William Gass (1924-2017) was a novelist, essayist, philosopher, and teacher. He was the author of three collections of short stories, a collection of novellas, and seven volumes of essays.
His writing career began in 1959 with the publication of several short stories, followed by his first novel Omensetter’s Luck (1966), about life in an Ohio small town in the 1890s. Two years later he published In the Heart of the Heart of the Country, five stories dramatizing the theme of human isolation and the difficulty of love. Willie Masters’ Lonesome Wife (1968) was an experimental novella illustrated with photographs and typographical constructs intended to help readers free themselves from the linear conventions of narrative.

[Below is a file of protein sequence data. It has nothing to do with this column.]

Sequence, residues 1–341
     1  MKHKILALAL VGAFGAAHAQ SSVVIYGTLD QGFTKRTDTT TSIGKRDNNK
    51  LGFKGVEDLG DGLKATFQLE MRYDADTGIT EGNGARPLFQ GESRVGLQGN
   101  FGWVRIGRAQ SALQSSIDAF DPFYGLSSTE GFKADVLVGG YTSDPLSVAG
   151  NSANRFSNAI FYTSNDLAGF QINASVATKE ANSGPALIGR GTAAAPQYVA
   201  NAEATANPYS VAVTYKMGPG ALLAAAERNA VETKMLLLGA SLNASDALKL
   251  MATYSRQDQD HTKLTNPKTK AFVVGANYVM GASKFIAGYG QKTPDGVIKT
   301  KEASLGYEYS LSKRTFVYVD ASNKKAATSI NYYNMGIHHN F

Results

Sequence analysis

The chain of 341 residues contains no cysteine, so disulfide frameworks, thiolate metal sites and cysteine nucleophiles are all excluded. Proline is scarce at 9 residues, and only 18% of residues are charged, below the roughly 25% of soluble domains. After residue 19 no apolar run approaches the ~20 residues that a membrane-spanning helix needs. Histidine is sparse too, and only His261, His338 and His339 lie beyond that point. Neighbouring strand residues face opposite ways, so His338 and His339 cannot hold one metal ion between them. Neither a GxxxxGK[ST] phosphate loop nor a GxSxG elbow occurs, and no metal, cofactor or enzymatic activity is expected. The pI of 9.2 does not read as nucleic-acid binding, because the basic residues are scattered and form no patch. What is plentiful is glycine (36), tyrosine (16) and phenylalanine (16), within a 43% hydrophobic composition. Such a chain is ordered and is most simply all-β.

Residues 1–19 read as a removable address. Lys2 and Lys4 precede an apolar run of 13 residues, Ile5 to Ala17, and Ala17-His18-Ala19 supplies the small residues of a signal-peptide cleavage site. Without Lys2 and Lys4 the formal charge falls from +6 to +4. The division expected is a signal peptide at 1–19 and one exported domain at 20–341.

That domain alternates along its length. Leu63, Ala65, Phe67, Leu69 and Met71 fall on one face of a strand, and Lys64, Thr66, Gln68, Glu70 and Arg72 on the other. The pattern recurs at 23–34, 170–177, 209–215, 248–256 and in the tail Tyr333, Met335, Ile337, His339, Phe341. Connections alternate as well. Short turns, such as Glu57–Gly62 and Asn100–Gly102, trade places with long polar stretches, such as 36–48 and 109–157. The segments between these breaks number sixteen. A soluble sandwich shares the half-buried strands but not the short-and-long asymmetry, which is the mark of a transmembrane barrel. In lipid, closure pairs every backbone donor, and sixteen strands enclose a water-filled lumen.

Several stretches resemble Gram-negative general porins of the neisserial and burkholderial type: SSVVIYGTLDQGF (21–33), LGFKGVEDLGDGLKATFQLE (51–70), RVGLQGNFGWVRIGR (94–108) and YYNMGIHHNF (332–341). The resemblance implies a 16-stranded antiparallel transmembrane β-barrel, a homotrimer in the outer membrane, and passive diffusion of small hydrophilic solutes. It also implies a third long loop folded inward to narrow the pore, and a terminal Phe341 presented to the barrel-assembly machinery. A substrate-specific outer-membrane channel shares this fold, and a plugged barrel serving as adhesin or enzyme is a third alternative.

In 1995, Gass published The Tunnel which took 26 years to write and for which he received the American Book Award. His collection of essays, Tests of Time (2002), covers topics such as experimental fiction, the fatwa against Salmon Rushdie, worship and religion, and Flaubert.
His awards included The National Book Critics Circle Award for Criticism, a Lannan Lifetime Achievement Award, and PEN/Nabokov Lifetime Achievement award. A native of the Midwest, Gass taught for over 30 years at Washington University in St. Louis where he also founded the International Writers Center in 1990.
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